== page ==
(Garcia-Terul and Martinez-Solano, 2000: p. 164). Investments in working capital constitute a tradeoff between risk and profitability because decisions that increase profitability also increase risk and vice versa. This is obvious even in capital markets where a tradeoff exists between risk and profitability. For example, investments in equities tend to be riskier than investments in savings accounts and bonds but equities tend to pay higher returns that savings accounts and bonds. (Bodie et al, 2005). A company that has a negative net working capital therefore faces higher risks than a company that has a positive net working capital irrespective of the profitability of the company. This is so because, the company with higher current liabilities may have high levels of debts that may be uncollectible, but which must have been included in the sales figure used in calculating profit. Debtors may default on the payment of debt and inventories may go obsolete. Finance literature has long recognized that market imperfection and information asymmetry affect finance. Thus, corporations must choose from the various financing options appropriate for them. These include, warrants issuance, derivatives instruments, common stocks and Preferred stocks etc. (Ambarish, John &Williams 1987). The purpose of this paper is to differentiate between the various financing securities and derivatives instruments. The remainder of the paper is organized as follows. Section 2 describes the various financial securities. In Section 3, differences e different financing securities are highlighted. Section 4 comments on the result and presents te conclusion.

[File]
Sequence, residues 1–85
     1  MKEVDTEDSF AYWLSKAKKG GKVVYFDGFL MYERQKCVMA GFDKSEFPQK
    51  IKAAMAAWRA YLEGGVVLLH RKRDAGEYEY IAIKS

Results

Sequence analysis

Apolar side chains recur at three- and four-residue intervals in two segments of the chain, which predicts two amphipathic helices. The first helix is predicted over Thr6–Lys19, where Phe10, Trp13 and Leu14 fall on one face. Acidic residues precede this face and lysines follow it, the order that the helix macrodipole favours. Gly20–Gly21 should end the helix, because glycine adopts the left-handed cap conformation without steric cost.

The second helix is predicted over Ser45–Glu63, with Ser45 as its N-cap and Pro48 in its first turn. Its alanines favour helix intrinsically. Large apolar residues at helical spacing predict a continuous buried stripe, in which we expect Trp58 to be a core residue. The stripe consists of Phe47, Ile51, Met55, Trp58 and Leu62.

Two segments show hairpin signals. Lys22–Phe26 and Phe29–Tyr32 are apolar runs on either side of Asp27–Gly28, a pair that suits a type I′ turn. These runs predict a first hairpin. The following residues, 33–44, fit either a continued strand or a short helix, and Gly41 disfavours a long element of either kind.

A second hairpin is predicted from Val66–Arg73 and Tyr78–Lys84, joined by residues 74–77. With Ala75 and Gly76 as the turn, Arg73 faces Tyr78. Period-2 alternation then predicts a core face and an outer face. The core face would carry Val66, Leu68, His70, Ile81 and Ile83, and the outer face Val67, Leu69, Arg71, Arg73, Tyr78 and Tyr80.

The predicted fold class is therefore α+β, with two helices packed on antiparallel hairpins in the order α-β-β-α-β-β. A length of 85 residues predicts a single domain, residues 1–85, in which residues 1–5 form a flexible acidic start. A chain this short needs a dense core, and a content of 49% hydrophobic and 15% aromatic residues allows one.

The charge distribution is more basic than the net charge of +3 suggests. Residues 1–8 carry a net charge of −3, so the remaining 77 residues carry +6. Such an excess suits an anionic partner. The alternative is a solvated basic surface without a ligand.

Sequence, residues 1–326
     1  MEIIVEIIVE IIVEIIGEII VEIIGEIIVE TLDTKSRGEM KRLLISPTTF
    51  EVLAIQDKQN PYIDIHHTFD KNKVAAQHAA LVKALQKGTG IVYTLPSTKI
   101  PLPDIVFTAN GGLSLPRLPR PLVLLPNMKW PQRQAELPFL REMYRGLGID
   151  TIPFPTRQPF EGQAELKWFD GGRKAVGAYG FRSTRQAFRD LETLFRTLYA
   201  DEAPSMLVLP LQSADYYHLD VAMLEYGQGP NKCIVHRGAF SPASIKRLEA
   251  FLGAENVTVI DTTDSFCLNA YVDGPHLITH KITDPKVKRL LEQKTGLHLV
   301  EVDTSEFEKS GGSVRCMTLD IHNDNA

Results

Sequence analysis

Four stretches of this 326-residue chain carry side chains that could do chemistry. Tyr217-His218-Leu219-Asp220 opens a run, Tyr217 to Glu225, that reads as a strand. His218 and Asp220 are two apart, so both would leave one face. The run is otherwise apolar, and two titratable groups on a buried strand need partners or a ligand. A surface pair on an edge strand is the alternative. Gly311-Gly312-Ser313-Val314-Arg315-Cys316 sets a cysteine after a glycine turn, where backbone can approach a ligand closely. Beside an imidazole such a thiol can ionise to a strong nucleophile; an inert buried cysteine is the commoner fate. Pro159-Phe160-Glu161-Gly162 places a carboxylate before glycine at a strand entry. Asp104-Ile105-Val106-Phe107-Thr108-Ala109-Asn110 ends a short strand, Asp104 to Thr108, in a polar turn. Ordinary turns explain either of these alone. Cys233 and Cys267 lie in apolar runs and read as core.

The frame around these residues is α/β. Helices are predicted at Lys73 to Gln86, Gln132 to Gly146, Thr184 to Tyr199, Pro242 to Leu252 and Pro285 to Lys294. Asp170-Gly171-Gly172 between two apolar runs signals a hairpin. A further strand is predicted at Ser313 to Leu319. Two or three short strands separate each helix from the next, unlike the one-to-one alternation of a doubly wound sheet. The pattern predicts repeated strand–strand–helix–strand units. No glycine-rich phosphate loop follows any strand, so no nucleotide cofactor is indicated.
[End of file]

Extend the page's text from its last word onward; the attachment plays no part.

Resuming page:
2.0 Forms of Financing Securities
Securities are often referred to as fungible, negotiable instrument representing financial values (Bodie, Kane, Marcus 2005). These instruments are broadly classified into debts securities (e.g., banknotes, bonds and debentures), and equity securities for example common stocks (Ross,Westerfield & Jaffe 1999). According to DeAngelo DeAngelo & Stulzb (2006) company or other entity issuing the security is called the issuer. What specifically qualifies as a security is dependent on the regulatory structure in a country. For example private investment pools may have some features of securities, but they may not be registered or regulated as such if they meet various restrictions (Ross, Westerfield & Jaffe 1999). Issuers include individuals, commercial banks, mortgage institutions and other international institution like the World bank.
2.1 Common stocks
A common stock is an example of equity security. It represents the principal capital stock of a company. In most cases, Brealey & Myers (2005) state that a common stock security is a share in the capital stock of